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Temporal trends in acute kidney injury across health care settings in the Irish health system: a cohort study

journal contribution
posted on 12.11.2020, 05:00 by A Stack, M Kaballo, Xia Li, M Elsayed, H Johnson, P Murray, R Saran, L Browne
© 2018 The Author(s) 2018. Published by Oxford University Press on behalf of ERA-EDTA. Background: Complete ascertainment of the true rates of acute kidney injury (AKI) and emerging trends are essential for planning of preventive strategies within health systems. Methods: We conducted a retrospective cohort study from 2005 to 2014 using data from regional laboratory information systems to determine incidence rates of AKI and severity Stages 1-3 in the Irish health system. Multivariable models were developed to explore annual trends and the contributions of demographic factors, clinical measures, geographic factors and location of medical supervision expressed as adjusted odds ratios (ORs) and 95% confidence intervals (CIs). Results: From 2005 to 2014, incidence rates of AKI increased from 6.1% (5.8-6.3) to 13.2% (12.7-13.8) per 100 patient-years in men and from 5.0% (4.8-5.2) to 11.5% (11.0-12.0) in women, P < 0.001. Stage 1 AKI accounted for the greatest growth in incidence, from 4.4% (95% CI 4.3-4.6) in 2005 to 10.1% (95% CI 9.8-10.5) in 2014 (P < 0.001 for trend). Compared with 2005, patients in 2014 were more likely to experience AKI [OR 4.53 (95% CI 4.02-5.1) for Stage 1, OR 5.22 (4.16-6.55) for Stage 2 and OR 4.11 (3.05-5.54) for Stage 3], adjusting for changing demographic and clinical profiles. Incidence rates of AKI increased in all locations of medical supervision during the period of observation, but were greatest for inpatient [OR 19.11 (95% CI 17.69-20.64)] and emergency room settings [OR 5.97 (95% CI 5.56-6.42)] compared with a general practice setting (referent). Conclusion: Incidence rates of AKI have increased substantially in the Irish health system, which were not accounted for by changing demographic patterns, clinical profiles or location of medical supervision.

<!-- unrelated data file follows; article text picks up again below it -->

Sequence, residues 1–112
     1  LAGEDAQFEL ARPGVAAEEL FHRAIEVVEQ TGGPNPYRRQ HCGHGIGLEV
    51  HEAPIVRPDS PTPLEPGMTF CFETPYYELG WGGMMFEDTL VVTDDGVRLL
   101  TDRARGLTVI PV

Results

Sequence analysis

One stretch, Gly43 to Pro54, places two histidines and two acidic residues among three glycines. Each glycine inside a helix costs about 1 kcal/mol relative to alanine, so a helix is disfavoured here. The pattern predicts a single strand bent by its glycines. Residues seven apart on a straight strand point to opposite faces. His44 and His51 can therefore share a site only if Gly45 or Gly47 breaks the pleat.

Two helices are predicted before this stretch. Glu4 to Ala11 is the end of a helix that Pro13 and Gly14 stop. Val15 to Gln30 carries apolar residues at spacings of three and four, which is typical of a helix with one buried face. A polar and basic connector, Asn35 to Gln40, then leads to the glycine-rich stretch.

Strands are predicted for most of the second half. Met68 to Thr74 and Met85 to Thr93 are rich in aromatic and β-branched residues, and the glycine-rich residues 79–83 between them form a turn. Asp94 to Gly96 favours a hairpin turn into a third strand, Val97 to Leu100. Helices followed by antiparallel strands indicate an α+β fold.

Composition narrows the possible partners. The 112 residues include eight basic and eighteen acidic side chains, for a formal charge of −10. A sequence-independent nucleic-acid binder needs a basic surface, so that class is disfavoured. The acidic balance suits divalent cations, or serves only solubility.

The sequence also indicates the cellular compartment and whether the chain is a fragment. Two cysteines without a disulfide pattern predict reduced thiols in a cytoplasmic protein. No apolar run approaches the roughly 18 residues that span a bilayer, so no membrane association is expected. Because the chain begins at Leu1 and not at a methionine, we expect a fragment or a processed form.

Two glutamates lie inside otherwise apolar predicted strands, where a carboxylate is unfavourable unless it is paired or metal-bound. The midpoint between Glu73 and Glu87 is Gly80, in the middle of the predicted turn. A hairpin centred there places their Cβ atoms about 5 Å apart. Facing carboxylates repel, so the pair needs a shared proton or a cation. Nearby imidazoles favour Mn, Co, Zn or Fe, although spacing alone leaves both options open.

Funding

This study is funded by the Health Research Board (HRA2013-PHR-437 and HRA-2014-PHR-685) and the Midwest Research and Education Foundation, and received support from the Health Research Institute, University of Limerick.

Health Research Board | HRA2013-PHR-437

Health Research Board | HRA-2014-PHR-685

Midwest Research and Education Foundation

Health Research Institute, University of Limerick

History

Publication Date

01/03/2020

Journal

Nephrology Dialysis Transplantation

Volume

35

Issue

3

Pagination

11p. (p. 447-457)

Publisher

Oxford University Press

ISSN

0931-0509

Rights Statement

The Author reserves all moral rights over the deposited text and must be credited if any re-use occurs. Documents deposited in OPAL are the Open Access versions of outputs published elsewhere. Changes resulting from the publishing process may therefore not be reflected in this document. The final published version may be obtained via the publisher’s DOI. Please note that additional copyright and access restrictions may apply to the published version.

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